Thursday, July 8, 2010
Farmhouse moved but remained the same
In 1905, George Franklin Sargent Webster - at the plow in the photograph - and his wife - on the far right - posed on their lawn for this photograph which was made into a postcard.
The house behind them had been built 2 years earlier in honor of their marriage. The original farm house, a cape, was moved up the street to 1121 Broadway. The style of the house, Colonial Revival, contrasts with the barn, built about 1800. Both use the same boxy forms but put them together in very different ways. The facade of the barn is a flat surface with windows and doors placed in patterns determined by use and proportion - the door is square, large enough for loaded wagons, while the windows are centered on their spaces. The only hint of style is in the roof overhang and the return of the eaves.
The end wall of the new house repeats the lines of the barn. But the front of the house exuberantly breaks the flat plane with bay windows and columns. The roof is broken by the front facing gable whose steep overhang returns at the eaves to become the cornice for pilasters with elaborate capitals. Compare that to the barn's simple eaves and corner boards.
At the front door the flat pilasters become the background for round columns and their architrave - the band with its cornice above the front door. Again the flat two dimensional wall is pulled into three dimensions.
The house was originally yellow with white trim. Today it is dark brown. and those bits of trees in the photograph have grown to tower over the house.
Old Eagle-Tribune office was built in Italianate Style
Four years ago the people at the Eagle-Tribune gave me a chance to write about architecture in the Merrimack Valley. They didn't know if there would be an audience, or if I could meet deadlines. Nevertheless, they let me try. This column, the 100th, is to thank them for their support and encouragement.
305 Essex Street, at the corner of Lawrence Street, was the offices of the newspapers The Daily Eagle, The Evening Tribune, and the weekly Essex Eagle in 1890. Today the building's brick is exposed, but originally, as seen in the photograph, the brick was stuccoed to resemble cut stone, like buildings you would see in Florence or Rome - in other words, Italianate.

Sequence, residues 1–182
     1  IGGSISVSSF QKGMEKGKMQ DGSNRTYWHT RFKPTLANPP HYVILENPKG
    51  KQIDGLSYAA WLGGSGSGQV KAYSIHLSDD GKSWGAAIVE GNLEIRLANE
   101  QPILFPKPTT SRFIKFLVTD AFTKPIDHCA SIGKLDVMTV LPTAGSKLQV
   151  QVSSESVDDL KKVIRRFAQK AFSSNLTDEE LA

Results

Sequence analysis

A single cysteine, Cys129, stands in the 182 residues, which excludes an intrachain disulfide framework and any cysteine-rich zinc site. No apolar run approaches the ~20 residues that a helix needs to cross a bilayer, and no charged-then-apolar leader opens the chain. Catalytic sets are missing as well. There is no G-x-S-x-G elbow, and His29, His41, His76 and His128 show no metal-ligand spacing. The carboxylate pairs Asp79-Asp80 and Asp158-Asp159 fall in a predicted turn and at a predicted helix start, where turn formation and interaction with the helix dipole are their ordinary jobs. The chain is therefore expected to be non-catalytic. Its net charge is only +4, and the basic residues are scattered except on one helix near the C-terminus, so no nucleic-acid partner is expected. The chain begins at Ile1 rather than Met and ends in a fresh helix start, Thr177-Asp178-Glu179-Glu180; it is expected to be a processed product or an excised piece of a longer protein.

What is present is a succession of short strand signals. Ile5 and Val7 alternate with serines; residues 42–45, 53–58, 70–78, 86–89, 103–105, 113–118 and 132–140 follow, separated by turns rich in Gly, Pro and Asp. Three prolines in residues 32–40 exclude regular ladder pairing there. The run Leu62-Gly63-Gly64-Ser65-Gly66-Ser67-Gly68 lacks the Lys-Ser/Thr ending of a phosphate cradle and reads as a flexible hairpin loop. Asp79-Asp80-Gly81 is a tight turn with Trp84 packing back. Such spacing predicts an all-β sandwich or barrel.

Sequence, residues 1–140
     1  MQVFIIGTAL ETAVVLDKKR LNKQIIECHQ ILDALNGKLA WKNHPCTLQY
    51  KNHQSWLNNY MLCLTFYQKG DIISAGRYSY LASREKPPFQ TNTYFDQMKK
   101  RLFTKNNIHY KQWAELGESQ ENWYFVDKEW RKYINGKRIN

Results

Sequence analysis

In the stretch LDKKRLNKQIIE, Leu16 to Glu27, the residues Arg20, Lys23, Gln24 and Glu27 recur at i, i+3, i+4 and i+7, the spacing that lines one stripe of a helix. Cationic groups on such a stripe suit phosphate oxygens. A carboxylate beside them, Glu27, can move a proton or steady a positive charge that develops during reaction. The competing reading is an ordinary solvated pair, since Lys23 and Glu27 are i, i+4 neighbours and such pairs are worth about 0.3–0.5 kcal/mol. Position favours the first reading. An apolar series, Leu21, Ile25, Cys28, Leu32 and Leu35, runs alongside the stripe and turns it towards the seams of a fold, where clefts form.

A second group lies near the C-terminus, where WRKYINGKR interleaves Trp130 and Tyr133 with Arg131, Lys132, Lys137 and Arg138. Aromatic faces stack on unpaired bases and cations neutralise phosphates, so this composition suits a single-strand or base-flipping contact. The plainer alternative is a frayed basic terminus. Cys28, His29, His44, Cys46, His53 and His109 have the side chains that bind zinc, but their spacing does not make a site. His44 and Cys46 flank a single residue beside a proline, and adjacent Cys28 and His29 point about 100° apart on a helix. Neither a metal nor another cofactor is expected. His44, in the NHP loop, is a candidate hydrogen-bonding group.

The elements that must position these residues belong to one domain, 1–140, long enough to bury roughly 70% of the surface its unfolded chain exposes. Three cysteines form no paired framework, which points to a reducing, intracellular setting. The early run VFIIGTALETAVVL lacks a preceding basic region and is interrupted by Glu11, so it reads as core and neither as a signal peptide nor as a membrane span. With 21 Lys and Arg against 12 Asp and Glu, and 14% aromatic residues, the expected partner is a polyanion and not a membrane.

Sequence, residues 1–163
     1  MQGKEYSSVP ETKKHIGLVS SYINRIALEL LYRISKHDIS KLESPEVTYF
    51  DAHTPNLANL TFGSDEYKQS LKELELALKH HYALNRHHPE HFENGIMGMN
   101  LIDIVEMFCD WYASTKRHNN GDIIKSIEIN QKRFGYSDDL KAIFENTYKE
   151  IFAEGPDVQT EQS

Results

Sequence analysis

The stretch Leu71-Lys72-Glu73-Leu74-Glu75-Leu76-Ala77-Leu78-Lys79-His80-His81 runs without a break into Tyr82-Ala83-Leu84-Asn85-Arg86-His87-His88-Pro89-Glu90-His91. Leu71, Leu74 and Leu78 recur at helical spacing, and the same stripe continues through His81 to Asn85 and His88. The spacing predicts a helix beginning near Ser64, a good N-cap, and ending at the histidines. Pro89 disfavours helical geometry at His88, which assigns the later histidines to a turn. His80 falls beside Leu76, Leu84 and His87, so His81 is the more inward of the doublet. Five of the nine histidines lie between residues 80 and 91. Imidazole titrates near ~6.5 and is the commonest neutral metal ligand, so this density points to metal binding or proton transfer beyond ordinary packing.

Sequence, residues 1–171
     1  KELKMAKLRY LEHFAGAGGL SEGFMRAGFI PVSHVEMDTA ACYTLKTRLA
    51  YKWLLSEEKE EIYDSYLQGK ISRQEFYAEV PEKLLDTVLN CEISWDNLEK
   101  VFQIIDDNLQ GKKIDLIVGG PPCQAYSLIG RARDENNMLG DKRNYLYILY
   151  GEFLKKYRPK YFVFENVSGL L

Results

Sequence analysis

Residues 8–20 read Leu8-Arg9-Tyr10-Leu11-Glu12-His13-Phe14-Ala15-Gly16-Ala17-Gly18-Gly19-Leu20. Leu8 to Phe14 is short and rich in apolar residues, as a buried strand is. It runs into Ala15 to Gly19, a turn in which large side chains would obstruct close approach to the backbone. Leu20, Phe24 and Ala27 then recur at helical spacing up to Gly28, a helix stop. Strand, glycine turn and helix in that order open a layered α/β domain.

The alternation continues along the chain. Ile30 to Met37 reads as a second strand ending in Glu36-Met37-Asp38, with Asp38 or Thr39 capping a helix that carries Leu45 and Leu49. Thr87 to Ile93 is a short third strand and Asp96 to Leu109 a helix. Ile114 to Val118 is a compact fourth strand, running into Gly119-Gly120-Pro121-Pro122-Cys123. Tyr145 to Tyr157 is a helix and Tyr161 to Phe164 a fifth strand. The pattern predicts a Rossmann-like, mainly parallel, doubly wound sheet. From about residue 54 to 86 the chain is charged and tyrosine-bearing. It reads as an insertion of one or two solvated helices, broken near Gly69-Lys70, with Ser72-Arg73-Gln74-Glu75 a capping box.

This building was designed to be seen from the street. The cast iron columns on the first floor allow large glass windows so merchants might display their goods to passing shoppers. Those columns, which could be as plain as the concrete filled steel columns in many basements, have bases, edges and flowering capitals, a treat for the pedestrian.
The fire escape becomes part of the ornamentation with its crossed railings. The eaves, embellished with brackets and mouldings signal the top of the office block. There is a 4th floor, but it is invisible to the pedestrian.
As can be seen in the photograph, its dormers are simple, without the variety of pattern seen in the walls of the lower three floors. So the massive eave line becomes the top edge of the building.
Sunday, June 13, 2010
A city house good enough for a fairy tale
Look at all that Victorian gingerbread! all that fretwork in the gables labels the house as Stick Style.
The name comes from the pieces - sticks of wood - used to decorate the house. The horizontal banding below the windows and the same detail used to create the frieze band at the eaves are typical details of the Stick Style, as is the cross bracing under the windows. The house is built from 'sticks' - wooden studs set side by side and braced. The trim is seen as an outward show of that framing pattern.
This doesn't look like classic Greek or Roman architecture. The arches on the porch and the frieze band are the only pieces borrowed directly from that vocabulary. However, the house maintains the classic order of base (bottom), middle and top. The frieze, the banding, and the porch are also all so defined.